Food and trees for Africa

14 May 2002

Forget ‘I believe I can fly’. ‘Sustainable development’ is the new mantra to gyrate to as the World Summit approaches, and earnest environmentalists and other NGO-types are suddenly far hipper than any aspiring Pop Idols.

Jeunesse Park, CEO of Food and Trees for Africa (FTFA), a dynamic and fast-growing NGO which promotes greening and food security through permaculture, notes with some amusement: “There’s a huge rush of interest in sustainable development and related issues.

“Suddenly people are fascinated by what we do – from all levels of government to the private sector, international NGOs and the general public. Everyone is expressing the desire to plant a tree.’

But Park hasn’t waited around for the limelight to catalyse her into action. What her fast-growing NGO has quietly accomplished these past 12 years could fill several books.

“Everything we do,’ she says, “is about sustainable development’.

FTFA, formerly known as Trees for Africa, has three key programmes: Trees for Homes, Eduplant, and the Urban Greening Foundation. A multitude of projects fall under each of these programmes.

All over the country, thanks to the education and support programmes offered by FTFA, hundreds of people – from three-year-olds to school children to the sick and elderly – are hard at work planting, reaping, creating and selling their homegrown or recycled wares.

‘A house is not a home without a tree’
Trees for Homes, which espouses the view that “a house is not a home without a tree’, aims to improve the quality of life of the poor by providing plant material, environmental awareness and education for those living in low-cost housing developments.

Although South Africa’s sprawling and dusty townships are a legacy of its apartheid past, the majority of its disadvantaged people continue to live in these poorly designed and impoverished urban and peri-urban housing settlements.

Growing trees and other plants in the townships brightens the environment, prevents soil erosion, and provides wind breaks, as well as food, income and activities for many unemployed people.

FTFA does far more than simply provide plants for greening. It spreads awareness about the importance of greening, and trains volunteers to become community-based educators on greening the environment themselves. They share their knowledge with neighbours, and soon the entire community is involved in the business of gardening.

As part of its urban greening project in Kyalami, FTFA trained numerous volunteers to start their own gardens, and handed over 3 000 trees to 3 000 Kyalami residents on 4 May.

Eduplant is an eight-year-old nationwide project which teaches schools about permaculture – a system of farming and gardening that combines animals, plants, buildings, local people and the landscape in way that recycles nutrients and waste, replicates nature as much as possible and generates more energy than it uses.

Now hundreds of schools have started their own income-generating organic food gardens. Often the entire community gets involved, with unemployed parents helping out.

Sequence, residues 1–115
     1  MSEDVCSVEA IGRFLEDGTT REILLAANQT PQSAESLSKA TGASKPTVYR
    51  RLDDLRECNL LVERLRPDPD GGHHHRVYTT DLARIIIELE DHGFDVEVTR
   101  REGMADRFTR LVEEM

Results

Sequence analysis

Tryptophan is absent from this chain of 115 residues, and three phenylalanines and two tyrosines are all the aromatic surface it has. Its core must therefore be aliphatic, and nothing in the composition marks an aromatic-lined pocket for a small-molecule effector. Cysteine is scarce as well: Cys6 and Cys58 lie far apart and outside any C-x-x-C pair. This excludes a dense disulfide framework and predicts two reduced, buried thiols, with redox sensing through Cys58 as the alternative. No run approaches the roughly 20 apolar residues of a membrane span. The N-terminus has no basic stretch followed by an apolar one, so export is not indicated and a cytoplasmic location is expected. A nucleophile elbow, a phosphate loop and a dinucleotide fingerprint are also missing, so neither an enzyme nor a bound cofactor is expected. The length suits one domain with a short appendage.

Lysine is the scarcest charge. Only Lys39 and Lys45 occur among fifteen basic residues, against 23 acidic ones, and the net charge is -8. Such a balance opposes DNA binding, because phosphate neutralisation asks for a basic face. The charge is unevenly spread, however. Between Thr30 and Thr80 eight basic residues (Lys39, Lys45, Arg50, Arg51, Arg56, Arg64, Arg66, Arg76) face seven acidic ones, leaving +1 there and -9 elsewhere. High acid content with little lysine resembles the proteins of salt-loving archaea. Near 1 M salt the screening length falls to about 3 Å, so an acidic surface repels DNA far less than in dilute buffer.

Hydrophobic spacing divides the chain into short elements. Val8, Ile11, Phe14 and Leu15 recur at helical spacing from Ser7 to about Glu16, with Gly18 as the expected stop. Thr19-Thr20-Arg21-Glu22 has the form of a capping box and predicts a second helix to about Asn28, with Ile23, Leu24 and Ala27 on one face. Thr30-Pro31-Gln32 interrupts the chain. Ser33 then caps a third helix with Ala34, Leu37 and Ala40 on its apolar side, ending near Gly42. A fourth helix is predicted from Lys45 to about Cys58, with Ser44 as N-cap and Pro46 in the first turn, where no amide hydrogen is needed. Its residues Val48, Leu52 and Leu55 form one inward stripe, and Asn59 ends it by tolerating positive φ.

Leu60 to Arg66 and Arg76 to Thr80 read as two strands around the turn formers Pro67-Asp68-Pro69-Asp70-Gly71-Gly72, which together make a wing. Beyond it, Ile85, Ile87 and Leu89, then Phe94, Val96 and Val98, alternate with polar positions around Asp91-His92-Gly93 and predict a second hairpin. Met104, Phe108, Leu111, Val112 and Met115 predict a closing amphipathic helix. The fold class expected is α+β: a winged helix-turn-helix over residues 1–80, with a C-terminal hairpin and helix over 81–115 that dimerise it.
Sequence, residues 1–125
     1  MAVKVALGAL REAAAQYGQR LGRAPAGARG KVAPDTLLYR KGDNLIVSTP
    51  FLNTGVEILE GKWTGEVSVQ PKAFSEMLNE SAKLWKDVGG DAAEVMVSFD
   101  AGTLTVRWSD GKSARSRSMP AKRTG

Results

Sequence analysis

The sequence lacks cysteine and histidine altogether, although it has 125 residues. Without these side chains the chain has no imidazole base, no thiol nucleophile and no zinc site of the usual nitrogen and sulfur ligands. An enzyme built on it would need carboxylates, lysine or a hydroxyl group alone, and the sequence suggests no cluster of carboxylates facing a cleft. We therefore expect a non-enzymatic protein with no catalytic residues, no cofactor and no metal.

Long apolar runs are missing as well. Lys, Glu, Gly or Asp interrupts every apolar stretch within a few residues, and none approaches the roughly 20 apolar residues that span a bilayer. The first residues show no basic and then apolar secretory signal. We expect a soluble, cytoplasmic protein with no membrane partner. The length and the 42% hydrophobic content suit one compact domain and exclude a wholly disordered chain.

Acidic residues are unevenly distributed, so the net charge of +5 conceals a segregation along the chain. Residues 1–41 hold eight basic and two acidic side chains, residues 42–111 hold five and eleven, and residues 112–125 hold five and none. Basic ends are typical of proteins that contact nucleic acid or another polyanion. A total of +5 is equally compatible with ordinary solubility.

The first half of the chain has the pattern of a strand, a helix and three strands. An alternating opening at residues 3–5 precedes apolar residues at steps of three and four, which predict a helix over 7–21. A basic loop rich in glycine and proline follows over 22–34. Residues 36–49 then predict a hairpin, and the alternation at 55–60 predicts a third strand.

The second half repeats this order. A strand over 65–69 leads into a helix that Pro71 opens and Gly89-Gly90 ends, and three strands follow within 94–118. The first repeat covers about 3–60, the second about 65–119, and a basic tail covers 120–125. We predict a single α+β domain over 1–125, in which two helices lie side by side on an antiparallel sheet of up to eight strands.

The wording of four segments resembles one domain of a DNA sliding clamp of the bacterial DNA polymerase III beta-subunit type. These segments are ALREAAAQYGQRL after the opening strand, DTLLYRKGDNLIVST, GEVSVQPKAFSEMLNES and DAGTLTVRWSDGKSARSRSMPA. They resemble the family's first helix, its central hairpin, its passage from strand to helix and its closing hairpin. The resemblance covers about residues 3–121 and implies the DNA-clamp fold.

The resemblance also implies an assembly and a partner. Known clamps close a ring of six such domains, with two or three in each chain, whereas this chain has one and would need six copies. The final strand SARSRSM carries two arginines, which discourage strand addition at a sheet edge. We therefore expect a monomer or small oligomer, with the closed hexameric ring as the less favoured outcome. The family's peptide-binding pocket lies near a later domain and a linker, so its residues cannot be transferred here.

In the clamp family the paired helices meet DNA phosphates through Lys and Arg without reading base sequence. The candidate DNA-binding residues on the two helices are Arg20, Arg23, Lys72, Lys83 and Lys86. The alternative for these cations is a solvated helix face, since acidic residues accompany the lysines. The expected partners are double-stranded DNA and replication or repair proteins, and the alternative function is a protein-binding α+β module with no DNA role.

Schools have come up with innovative plans to grow food, recycle waste and improve their school environments. Eduplant holds a competition every year for the best school permaculture projects.

Urban greening
The Urban Greening Foundation was established in response to a clamour of requests from local governments and communities to help with urban greening initiatives – from streets to homes to community food gardens.

“We try to build capacity at both community and local government level’, says Park. When the link between these two is strong, the chances of a project becoming sustainable are far greater, she adds.

To make greening a popular pastime, FTFA often creates “green heroes’ of prominent people like former President Nelson Mandela, Archbishop Desmond Tutu, and film stars Arnold Schwarzenegger and Whoopie Goldberg, all of whom have been invited to plant trees with communities

The sustainability of the Summit
Park believes the World Summit is a wonderful opportunity for South Africa in general and Johannesburg in particular, whose citizens stand to benefit from the additional infrastructure and all the hype generated around development issues. <p. “The Summit is undoubtedly catalysing interest in sustainable development initiatives around the country,’ says Park.

Hopefully lots of programmes and environmentally sound practices initiated around the Summit, like hotels recycling their organic waste, will continue long after the Summit is over, she adds.

One such Summit-related activity, FTFA’s tree planting event during Arbour Week, which will see delegates planting trees along the Jukskei River in Alexandra, will reap rewards for many years to come.

The plan, which is part of the Alexandra Renewal Project’s seven-year greening plan for the township, is to plant trees all the way along the river to Hartebeespoort Dam.

Park is critical of the fact that bureaucracy and the high cost of engagement will prevent many ordinary people from participating in the Summit. “To have a presence there, you need money,’ she says.

She also fears that environmental concerns are already being pushed aside by the broader financial interests of governments. “This Summit will be unique if it comes up with more than trade agreements. The environment is now at the bottom of the list of priorities, but in my view it’s the basis of everything.

“Without a healthy environment we won’t have a healthy economy or political stability. The key to sustainable development is giving people capacity to grow their own food. It’s about natural resource use and management.’

It is more important, she adds, to support the systems that poor people put in place to survive than to “pay consultants huge sums of money to come up with advanced programmes that exist only on paper’.

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